What is Proof of Work?
By: Ofir Beigel | Last updated: 1/22/23
Proof of Work (POW) is the consensus mechanism used in Bitcoin mining. What does this confusing sentence mean? Keep on reading to find out.
What is Proof of Work Summary
Proof of Work is a term for the rules dictating who gets to update transactions on the Bitcoin blockchain.
It basically means that in order to gain the right to update the next block of transactions, you need to provide proof to a challenge that is hard to solve, yet can be easily verified by the network. Hence providing proof that you’ve done work in solving it.
That’s Proof of Work in a nutshell. For a more detailed explanation keep on reading, here’s what I’ll cover:
Don’t like to Read? Watch Our Short Video Tutorial Instead
Bitcoin, at its core, is a decentralized ledger that is updated by everyone. Since you can’t really have each person having his own version of the ledger, you need to decide on some sort of consensus mechanism.
A consensus mechanism is a fancy way of describing rules that everyone agrees on, in regards to who gets to update the ledger. There are many types of consensus mechanisms, for example:
- Proof of Work (POW)
- Proof of Stake (POS)
- Delegated Proof of Stake (DPOS)
- Proof of Capacity (POC)
- Proof of Elapsed Time (POET)
- Practical Byzantine Fault Tolerance (PBFT)
- Directed Acyclic Graph (DAG)
- And so on….
Each one of these consensus mechanisms has different rules describing how you update a public ledger.
In order for a miner to gain the right to update the ledger, he will have to provide an answer, also known as a proof, to a specific challenge. This proof is difficult to produce but is very easily validated.
For example – guessing a combination to a lock is a proof to a challenge. It’s very hard to produce this since you will need to guess many different combinations – but once produced it’s easy to validate. Just enter the combination and see if the lock opens.
Another example could be solving a Rubik’s cube – again, very hard to produce, very easy to validate that the solution is correct.
In Bitcoin’s case, the challenge is finding a random number (nonce), that when you add it to your block of transactions and hash it (i.e. run some sort of mathematical formula on it), the result will be smaller than the target number set by the system.
Sounds confusing? It is. It all comes from the field of mathematics and the technicalities of the process aren’t really relevant for this post. What you need to remember is this:
It’s impossible to calculate this number, the only way to find it is through trial and error (i.e. guessing). So miners spend all day long guessing numbers until one of them finds the right one. Once that happens, the miner will present his solution to the network (i.e. his proof) and everyone will agree that his block will be the next block of transactions.
This mechanism makes sure that only someone who has invested enough computational power ( or “work”) in guessing the number will earn the right to update the ledger of transactions.
There’s a lot of criticism about the PoW consensus algorithm. Mainly, that a lot of computing power and electricity are wasted just for the sake of generating random guesses.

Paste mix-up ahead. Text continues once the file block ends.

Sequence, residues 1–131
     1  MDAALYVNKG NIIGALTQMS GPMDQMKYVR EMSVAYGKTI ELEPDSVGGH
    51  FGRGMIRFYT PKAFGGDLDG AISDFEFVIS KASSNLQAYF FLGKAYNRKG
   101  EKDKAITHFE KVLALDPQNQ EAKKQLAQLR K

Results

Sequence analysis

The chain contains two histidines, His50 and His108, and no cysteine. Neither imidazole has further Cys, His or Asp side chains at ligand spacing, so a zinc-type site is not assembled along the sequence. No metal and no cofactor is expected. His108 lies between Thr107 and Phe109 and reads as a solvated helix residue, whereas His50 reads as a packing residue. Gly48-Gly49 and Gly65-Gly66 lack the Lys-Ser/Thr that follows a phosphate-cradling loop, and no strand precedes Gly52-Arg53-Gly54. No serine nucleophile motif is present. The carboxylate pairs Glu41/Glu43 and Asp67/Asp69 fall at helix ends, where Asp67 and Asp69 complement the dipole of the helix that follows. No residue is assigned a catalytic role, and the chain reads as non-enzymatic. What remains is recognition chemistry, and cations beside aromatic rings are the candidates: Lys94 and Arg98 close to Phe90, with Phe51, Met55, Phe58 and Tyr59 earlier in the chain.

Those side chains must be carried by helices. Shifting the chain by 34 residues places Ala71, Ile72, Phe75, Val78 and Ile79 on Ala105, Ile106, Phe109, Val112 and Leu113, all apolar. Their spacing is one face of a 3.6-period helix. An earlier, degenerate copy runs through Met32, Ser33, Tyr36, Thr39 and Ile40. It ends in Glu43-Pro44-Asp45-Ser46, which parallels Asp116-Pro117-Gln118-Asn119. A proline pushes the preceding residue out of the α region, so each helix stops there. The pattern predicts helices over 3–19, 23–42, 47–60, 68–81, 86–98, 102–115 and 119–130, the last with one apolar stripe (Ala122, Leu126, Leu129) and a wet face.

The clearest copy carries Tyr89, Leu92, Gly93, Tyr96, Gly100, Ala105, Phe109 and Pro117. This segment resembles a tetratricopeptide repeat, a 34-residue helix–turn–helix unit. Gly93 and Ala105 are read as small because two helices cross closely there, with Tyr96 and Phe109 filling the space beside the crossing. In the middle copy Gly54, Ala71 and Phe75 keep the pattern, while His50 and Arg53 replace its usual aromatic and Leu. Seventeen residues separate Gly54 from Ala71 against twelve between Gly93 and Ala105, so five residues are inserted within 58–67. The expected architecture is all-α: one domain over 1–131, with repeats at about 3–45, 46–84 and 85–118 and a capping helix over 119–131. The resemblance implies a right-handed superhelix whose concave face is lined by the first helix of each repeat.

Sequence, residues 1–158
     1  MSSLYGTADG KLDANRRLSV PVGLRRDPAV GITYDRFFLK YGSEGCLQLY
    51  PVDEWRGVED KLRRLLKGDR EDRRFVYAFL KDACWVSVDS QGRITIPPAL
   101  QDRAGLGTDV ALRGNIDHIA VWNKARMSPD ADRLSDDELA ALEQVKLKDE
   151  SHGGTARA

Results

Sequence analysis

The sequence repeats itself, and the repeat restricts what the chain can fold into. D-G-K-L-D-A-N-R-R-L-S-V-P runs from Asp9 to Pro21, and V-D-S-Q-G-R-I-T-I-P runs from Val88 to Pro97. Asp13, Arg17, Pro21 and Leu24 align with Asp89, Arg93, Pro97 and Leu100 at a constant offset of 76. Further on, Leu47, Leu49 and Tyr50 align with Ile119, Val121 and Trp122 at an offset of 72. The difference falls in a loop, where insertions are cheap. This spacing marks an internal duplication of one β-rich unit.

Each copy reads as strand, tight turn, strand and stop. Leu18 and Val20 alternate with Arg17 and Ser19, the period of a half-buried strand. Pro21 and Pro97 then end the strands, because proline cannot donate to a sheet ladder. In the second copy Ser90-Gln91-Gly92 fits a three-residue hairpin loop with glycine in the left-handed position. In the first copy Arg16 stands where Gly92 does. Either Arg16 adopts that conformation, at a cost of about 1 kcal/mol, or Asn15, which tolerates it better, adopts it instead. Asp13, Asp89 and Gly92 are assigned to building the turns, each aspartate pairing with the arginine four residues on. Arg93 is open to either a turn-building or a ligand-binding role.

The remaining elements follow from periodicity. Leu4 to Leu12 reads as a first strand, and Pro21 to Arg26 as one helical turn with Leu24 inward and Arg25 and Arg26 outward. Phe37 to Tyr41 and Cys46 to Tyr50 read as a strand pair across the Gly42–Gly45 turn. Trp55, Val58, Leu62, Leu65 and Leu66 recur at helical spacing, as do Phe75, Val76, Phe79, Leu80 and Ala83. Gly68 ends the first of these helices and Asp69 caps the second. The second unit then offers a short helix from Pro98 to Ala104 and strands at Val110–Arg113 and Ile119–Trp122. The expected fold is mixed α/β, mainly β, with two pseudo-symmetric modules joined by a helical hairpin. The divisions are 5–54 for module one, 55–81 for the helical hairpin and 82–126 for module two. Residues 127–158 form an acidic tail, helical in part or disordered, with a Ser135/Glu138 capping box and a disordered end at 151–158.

Additionally, since miners group together in mining pools, this can create a problem of centralization where a specific pool has so much mining power it may conduct a 51% attack (i.e. gaining control over the blockchain).
Last, with PoW, by scaling your mining operation you’re exponentially more likely to mine the next block. This gives richer miners an unfair advantage.
Due to the above, people have started to suggest different consensus mechanisms that are less power consuming, such as Proof of Stake.
One alternative suggested to the Proof of Work concept is Proof of Stake. Rather than requiring a miner to produce a proof to a challenge, the proof of stake system requires them to stake a certain amount of money. Let me explain…
Proof of Stake (PoS) doesn’t involve miners, it has validators instead. In order to become a validator, you need to stake a certain amount of coins. The more coins you stake, the higher your chances to be randomly chosen as the next validator.
If you are chosen as a validator and maliciously approve fraudulent transactions, your stake will be taken away. This gives validators an economic incentive to follow the rules.
PoS is considered an easier, cheaper and less-wasteful alternative to PoW. However, it has its share of disadvantages.
First, you can buy your way to a 51% attack. Granted, you’ll need around 51% of a coin’s market cap (several hundred billion in Bitcoin’s case), but it’s still possible. With PoW, this scenario is impossible to do on robust networks such as Bitcoin.
Second, if validators are chosen only by the amount of money they staked, we’re still giving an unfair advantage to rich people. More than that, we’re actually making them richer, as they will reap all of the network transaction fees.
If you want to create a decentralized network, you’ll need a consensus algorithm. While Proof of Work is the most popular one today, there are several alternatives.
For now, it seems that PoW has demonstrated its ability to safeguard the Bitcoin network from malicious actors, as no one has ever managed to conduct a 51% attack on the network or undo past transactions.
On the downside, the Bitcoin network consumes enormous amounts of power. Some would say this is a necessary trade-off.
What’s your take on Proof of Work? Do you think it’s worth it? Have you heard of any other interesting consensus algorithms? Let me know in the comment section below.